Almost all the landscape images offered in our galleries are in the 2×3 aspect ratio, which means that one side is 1-1/2 times bigger than the other side. (Three is 1-1/2 times bigger than two.) So if you have a frame or a mat with an opening in any multiples of 2×3 – or if you buy a metal or canvas with that ratio – you won’t need to crop. Examples include:

4×6, 8×12, 12×18, 16×24, 20×30, 24×36, and 30×45.

If your frame or mat opening is any other ratio, you’ll need to crop. So 8x10s, 11x14s, 16x20s will all lose a little around the edges. Exactly how much? This much:


How will this look in the final print? It depends on the photo. We examine each one and choose the best crop before sending it off to print. If it just won’t look good at a certain crop, we’ll let you know first. Here’s a real-world example to give you an idea of what to expect:

Original photo, 2×3 aspect ratio (includes 4×6, 8×12, 12×18, 16×24, 20×30, 24×36, 30×45

2x3originalI’d like a print!

Cropped to a 4×5 aspect ratio (includes 8×10, 16×20, 24×30)


Cropped to an 11×14 aspect ratio


Cropped to a 3×4 aspect ratio (includes 12×16, 18×24, 30×40)


If you’re ever unsure if a photo will look okay cropped, just ask! We’re happy to provide an opinion and/or a preview.

Sunday Funday: The Dog Edition

Sunday Funday: The Dog Edition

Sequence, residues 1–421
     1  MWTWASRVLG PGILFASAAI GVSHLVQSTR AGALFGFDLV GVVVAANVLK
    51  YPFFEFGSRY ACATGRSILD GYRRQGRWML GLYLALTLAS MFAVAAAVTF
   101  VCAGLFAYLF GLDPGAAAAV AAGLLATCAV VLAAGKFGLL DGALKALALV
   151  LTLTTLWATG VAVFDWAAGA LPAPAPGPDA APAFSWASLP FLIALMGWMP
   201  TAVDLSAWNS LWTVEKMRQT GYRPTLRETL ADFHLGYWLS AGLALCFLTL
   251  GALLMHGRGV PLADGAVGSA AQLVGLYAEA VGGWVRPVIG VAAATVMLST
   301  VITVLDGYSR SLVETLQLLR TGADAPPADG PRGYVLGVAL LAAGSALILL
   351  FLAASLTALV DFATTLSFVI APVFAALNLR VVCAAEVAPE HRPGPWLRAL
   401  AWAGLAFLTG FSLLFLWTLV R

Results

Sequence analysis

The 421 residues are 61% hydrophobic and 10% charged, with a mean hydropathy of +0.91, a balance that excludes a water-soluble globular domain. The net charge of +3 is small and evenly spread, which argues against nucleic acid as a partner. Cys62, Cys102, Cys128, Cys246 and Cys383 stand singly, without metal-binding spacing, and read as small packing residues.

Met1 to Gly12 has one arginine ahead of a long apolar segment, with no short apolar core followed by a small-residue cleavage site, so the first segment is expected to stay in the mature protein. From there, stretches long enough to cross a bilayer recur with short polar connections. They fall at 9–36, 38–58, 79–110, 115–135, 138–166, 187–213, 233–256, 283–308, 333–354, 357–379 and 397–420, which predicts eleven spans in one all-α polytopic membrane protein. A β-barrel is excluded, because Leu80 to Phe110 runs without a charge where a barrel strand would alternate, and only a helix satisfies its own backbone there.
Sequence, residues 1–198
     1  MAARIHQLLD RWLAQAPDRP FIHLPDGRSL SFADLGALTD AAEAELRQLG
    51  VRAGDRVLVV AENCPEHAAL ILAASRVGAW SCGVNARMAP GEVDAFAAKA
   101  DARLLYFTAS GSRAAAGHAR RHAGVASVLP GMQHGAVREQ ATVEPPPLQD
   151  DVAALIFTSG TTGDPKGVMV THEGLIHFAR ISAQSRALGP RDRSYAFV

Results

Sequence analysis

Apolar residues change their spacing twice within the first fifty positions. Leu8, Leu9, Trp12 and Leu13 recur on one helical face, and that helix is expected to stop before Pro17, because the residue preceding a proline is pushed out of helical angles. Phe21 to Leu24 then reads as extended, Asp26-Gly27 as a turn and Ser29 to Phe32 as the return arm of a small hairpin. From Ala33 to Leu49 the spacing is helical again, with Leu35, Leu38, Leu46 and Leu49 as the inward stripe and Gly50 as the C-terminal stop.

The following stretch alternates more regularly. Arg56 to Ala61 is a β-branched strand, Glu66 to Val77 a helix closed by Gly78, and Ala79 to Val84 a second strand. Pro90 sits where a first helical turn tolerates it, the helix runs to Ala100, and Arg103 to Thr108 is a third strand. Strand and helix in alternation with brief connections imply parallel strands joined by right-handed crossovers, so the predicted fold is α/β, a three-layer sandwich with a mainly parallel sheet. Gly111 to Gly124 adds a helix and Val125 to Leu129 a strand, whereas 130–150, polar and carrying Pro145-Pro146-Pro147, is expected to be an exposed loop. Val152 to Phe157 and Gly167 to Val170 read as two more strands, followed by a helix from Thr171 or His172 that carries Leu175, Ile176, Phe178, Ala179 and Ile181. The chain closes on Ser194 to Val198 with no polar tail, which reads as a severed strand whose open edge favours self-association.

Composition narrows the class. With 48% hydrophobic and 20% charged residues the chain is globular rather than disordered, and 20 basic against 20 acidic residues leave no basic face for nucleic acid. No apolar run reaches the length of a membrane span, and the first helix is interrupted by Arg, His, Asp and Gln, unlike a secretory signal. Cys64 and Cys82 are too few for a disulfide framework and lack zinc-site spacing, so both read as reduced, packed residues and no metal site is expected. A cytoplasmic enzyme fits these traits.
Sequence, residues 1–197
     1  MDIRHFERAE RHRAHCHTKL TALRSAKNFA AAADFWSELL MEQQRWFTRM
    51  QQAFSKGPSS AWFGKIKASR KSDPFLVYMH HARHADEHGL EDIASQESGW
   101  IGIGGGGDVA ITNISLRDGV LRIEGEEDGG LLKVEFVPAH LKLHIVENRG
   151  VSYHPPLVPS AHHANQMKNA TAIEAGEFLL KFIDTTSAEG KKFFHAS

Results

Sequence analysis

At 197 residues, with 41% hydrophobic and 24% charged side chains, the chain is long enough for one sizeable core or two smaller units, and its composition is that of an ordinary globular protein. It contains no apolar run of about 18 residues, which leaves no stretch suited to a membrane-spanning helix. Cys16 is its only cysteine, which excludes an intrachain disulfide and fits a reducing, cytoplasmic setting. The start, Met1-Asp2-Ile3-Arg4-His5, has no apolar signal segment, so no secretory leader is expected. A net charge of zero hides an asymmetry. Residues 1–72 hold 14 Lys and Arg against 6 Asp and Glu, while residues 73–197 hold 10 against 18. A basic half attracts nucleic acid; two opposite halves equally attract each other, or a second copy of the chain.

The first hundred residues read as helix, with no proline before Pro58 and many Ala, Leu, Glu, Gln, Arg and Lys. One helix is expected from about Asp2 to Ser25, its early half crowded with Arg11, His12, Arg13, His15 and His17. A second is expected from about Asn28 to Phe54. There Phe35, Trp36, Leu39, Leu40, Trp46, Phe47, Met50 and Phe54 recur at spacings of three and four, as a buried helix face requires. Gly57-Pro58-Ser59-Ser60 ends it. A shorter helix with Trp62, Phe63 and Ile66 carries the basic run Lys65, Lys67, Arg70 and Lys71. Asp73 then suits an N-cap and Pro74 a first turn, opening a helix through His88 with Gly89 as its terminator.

On November 9, 2013, Petey wiggled his way into our home. We had gone to the animal shelter looking for a smallish (~35-lbs) dog – preferably female – to take adventuring. At almost 50 pounds and male, Petey was not what we thought we were looking for. However, it was abundantly clear that he was our dog.

Petey’s first night home.

Petey now weighs in just under 65 pounds, split evenly between muscles and his big head. He’s a sensitive soul who loves meeting people only slightly less than playing with other dogs. We have logged countless miles together; he really is our constant adventurer. It’s a rare photographic outing that Petey isn’t by my side – or being admonished not to mar the smooth snow or sand 😉

Besides northern Michigan landscapes, he’s one of my favorite subjects. He will happily pose for treats, and he will even more happily frolic about, absolutely carefree. Barreling with closed eyes through the woods not withstanding, I could learn a lesson or two from this dog: Always say “yes” to a good adventure, run while you can, smile often and play more.

Running through the woods today.

Near the Traverse City area and want photos with your pet? Or maybe just of your pet? Contact me! I love all dogs, and always have a pocket full of treats 🙂

Sleepless for the Sunrise

Sleepless for the Sunrise

With no blanket of clouds to keep it tucked in, heat flees the Earth on clear winter nights, and the temperature tumbles. Winds calm, and a skim of ice collects on the still bay. My alarm sounds, and I trek to the beach to witness the day’s cold start. Dawn breaks with a vibrant sunrise, reflected off the perfect mirror of Lake Michigan’s frozen surface. I marvel at the rising beauty, grateful for the clothes that keep me warm and dry as I wade through shallow waters, framing images with my camera. Is it worth the sleep deficit to be alone with this clear water at sunup? You bet it is.

11mm iso 100 f/5.6 1/80-sec
photo: A vibrant sunrise plays on the horizon over the still waters of an icy Lake Michigan bay in Traverse City
A vibrant sunrise plays on the horizon over the still waters of an icy Lake Michigan bay in Traverse CityI’d like a print!

Want to see more? Click through for other sunrises and sunsets, or other winter scenes. Tired of winter? Go ahead and look forward to the springtime landscape. I won’t tell 😉